3/10; you almost had a good troll going there, but the "nothing wrong/nothing to worry about" tipped your hand.

Anyway, good thing we can't use some sort of software that somehow made messages and information unreadable to third parties that didn't have some sort of key. Lordy me, that could bring the whole system down!


No. I was really serious. I honestly believe that the government has enough on its hands looking for real threats. Why would they waste their time on people that aren't? This isn't Big Brother or the Secret Police, it is just law enforcement trying to adapt to the Information Age.
 
2010-01-13 12:42:57 PM
soupgoblin:

Maybe instead of outsourcing to India those companies should find some competent people that understand the language and do not piss of said companies clients every time they have to call and work out an issue (usually caused by Indian/English language issues and long distance programming).


Where else are you going to find them? There certainly aren't enough Americans capable of doing the job. In case you haven't heard, there is a serious shortage of IT professionals in the US. Our education system is not getting the job done, and most US workers do not have the skills needed to be sucessful in the Information Age.
 
2010-01-13 12:45:07 PM
Uchiha_Cycliste: Slaxl: Uchiha_Cycliste: gilgamesh23: What, they're going to stop delivering harshly written letters?

(it's censoring, not censuring)

Uchiha_Cycliste: Google's got a bit to do before I view them favorably again, but this is a very good first step.

With the way that Google is reaching into everything now I'm starting to grow a little distrustful of the company and its intentions. This would go a long way towards showing that they remain committed to do no evil.

They've already demonstrated that "do no evil" was complete and utter bullshiat. What I hope for them is to start doing good things. Focus on making some money then apply their engineering talents in profitable and ultimately humanity friendly ventures. They can never have back their do no evil title, you get that once... break it it gone forever like a balloon or a cherry. They can still strive for good.

What have they done that's so evil?

Primarily, censoring their cn domain at all I think was wrong. Was google looking out for what's best for a billion people or bending to those people's masters?
Second, I've had my own run ins with them personally and have to say that I really don't care for the way seek potential employers, versus the way they told us they would. At Cal they bought us pizzas. had a bunch of presentations and generally led us to believe that if you had intelligence, tenacity, and heart you had a reasonable shot at least of an interview. They lied.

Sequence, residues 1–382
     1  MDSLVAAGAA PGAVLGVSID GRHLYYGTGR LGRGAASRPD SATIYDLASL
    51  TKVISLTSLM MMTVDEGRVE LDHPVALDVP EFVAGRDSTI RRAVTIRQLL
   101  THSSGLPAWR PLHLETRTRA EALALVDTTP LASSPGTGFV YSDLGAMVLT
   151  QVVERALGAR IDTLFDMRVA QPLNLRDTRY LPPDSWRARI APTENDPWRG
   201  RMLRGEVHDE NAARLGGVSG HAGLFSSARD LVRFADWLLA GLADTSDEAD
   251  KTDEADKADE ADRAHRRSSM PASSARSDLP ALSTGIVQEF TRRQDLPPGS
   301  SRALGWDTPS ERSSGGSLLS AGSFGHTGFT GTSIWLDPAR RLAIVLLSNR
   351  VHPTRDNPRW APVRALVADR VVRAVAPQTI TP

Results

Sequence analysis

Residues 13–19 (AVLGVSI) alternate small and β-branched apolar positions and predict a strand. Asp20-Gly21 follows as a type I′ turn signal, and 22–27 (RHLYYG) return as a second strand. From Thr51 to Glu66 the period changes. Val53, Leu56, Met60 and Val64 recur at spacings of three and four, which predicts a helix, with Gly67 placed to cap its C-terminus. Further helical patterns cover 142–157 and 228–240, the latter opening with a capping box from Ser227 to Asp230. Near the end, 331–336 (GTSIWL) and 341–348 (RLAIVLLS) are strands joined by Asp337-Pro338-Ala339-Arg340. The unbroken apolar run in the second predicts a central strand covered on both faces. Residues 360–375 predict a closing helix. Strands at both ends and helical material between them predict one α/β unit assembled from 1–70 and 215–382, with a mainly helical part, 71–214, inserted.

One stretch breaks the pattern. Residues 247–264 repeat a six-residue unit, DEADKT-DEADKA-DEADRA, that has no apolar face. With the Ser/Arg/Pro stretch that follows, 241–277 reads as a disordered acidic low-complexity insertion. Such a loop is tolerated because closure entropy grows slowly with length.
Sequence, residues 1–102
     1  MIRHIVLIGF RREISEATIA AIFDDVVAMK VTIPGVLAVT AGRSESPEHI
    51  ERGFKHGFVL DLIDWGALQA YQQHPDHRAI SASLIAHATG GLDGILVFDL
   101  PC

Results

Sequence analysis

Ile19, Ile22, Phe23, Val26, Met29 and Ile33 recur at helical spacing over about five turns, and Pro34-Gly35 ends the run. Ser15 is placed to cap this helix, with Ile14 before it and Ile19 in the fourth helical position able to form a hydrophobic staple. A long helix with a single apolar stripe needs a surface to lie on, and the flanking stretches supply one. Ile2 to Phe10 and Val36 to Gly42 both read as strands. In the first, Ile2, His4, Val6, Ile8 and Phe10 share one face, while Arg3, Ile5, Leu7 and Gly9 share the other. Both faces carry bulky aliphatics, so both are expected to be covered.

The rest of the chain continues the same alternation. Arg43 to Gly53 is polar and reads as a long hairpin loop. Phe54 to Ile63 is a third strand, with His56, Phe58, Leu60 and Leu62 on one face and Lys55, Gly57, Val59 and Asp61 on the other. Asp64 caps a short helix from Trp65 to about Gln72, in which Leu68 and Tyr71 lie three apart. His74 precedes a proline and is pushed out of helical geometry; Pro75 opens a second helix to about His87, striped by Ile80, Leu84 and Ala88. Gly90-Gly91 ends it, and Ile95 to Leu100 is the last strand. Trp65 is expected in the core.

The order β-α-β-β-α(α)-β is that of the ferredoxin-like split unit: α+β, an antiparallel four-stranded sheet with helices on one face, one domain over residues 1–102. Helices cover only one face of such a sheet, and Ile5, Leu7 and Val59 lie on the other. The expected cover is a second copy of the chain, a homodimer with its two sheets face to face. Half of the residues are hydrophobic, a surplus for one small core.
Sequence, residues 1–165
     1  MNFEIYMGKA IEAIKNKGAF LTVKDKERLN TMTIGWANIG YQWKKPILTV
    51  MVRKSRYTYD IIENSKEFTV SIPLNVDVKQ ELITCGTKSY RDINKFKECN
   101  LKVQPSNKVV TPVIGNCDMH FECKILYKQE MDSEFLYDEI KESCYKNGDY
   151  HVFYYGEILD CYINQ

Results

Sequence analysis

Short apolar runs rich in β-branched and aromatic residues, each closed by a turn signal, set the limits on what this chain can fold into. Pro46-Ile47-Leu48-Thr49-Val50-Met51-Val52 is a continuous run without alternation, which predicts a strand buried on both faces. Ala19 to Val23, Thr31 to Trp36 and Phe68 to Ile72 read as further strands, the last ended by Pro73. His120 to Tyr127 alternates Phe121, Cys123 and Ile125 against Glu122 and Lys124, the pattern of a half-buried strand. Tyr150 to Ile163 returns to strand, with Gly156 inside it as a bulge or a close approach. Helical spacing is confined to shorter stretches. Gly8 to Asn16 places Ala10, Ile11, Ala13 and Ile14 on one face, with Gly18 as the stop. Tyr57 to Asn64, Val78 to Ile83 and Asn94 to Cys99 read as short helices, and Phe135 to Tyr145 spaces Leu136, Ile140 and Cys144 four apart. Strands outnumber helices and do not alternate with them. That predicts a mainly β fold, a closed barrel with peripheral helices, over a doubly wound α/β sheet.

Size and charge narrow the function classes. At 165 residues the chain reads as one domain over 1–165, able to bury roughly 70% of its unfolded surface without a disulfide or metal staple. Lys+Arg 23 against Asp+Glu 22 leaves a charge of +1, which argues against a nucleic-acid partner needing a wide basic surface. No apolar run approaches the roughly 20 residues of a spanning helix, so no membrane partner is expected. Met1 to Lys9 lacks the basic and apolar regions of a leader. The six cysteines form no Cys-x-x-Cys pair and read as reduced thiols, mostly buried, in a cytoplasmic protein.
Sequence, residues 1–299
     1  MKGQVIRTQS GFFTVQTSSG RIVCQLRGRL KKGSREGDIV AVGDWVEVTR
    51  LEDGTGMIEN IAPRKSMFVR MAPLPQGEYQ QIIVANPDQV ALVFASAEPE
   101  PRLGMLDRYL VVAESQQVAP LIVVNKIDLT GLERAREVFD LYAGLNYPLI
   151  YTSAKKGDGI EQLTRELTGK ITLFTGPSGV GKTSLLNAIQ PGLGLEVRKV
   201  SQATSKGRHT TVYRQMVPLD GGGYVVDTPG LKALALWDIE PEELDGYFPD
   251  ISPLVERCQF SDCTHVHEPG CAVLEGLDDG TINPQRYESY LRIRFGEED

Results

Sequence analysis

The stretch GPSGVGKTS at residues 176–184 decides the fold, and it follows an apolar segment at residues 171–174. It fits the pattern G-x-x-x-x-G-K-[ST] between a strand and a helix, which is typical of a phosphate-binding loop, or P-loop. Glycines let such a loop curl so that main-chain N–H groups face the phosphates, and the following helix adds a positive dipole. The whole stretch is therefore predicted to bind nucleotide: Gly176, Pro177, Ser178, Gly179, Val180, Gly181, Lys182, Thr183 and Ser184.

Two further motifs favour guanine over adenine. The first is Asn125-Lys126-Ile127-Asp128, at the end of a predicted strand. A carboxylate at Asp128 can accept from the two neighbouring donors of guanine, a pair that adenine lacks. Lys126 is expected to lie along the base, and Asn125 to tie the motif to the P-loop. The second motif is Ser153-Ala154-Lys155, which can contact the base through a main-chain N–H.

I consider the google toolbar to by spyware. That little motherfarker is tricky to rid yourself of and has no buisness being on my machine in the first place. I suspect it's there to relay browsing habits to them from everyone.
When CO$ demanded google not link too a Norweign anti-CO$ page they caved.
Just off of the top of my head. All these things go against their policy of do right by the user against all else.


If you can't get rid of google toolbar I can understand why they didn't hire you. Don't take it out on Google if you ain't got what it takes

A 4 year old can get rid of the toolbar. You can tell a lot about people by all the toolbars they have installed in their browser. Mainly how naive they are.
 
2010-01-13 12:50:10 PM
Ozaru: NovaeDeArx: Ozaru: xuanzhiyouxuan: SirEattonHogg: I have kind of wondered why the Chinese authorities allow VPN.

Maybe keyloggers are so easy to implement that it's worth it for them to keep the connections going as an information source.

That's how the US government works. Rather than block information, they just monitor and gather information. The Echelon system scans all emails and phone calls in the US and flags people that type or say certain keywords. This is what governments do. To expect them to do differently is just naive and stupid. Besides, if you aren't doing anything illegal, you really have nothing to worry about.

3/10; you almost had a good troll going there, but the "nothing wrong/nothing to worry about" tipped your hand.

Anyway, good thing we can't use some sort of software that somehow made messages and information unreadable to third parties that didn't have some sort of key. Lordy me, that could bring the whole system down!

No. I was really serious. I honestly believe that the government has enough on its hands looking for real threats. Why would they waste their time on people that aren't? This isn't Big Brother or the Secret Police, it is just law enforcement trying to adapt to the Information Age.


You know, back when mail and landlines were pretty much the only way to communicate long-distance, there was actually not a system in place to wiretap every domestic communication. There was FISA, which basically created a (rubberstamping) oversight committee. This may or may not have been ideal, but the government actually had to ask somebody, as well as create a paper trail of responsibility.

Nixon tried to get away with going around FISA ('cause of his political shenanigans), and had to resign the freaking Presidency because of it.

Nowadays, you can get away with listening in on any unencrypted (or breakably encrypted) conversation that travels over any capturable line.

This is not an "adaptation", this is an embarrassing overreach of governmental power. If someone wants to wiretap a citizen of our country, they need to take the responsibility of creating a permanent paper trail, not trying to sidestep the spirit of the laws that have been in place for years, and are generally quite applicable to modern technology.
 
2010-01-13 12:54:40 PM
Knucklepopper: Whose email is the NSA currently monitoring?

Since nobody else is posting this for you (p)
 
2010-01-13 01:11:19 PM
Cubansaltyballs: stiletto_the_wise: So much for the "World Wide" web... Seems to me to be a wee bit overkill at best (and xenophobic, at worst) to block entire continents simply to cut down on the V1A6RA spams.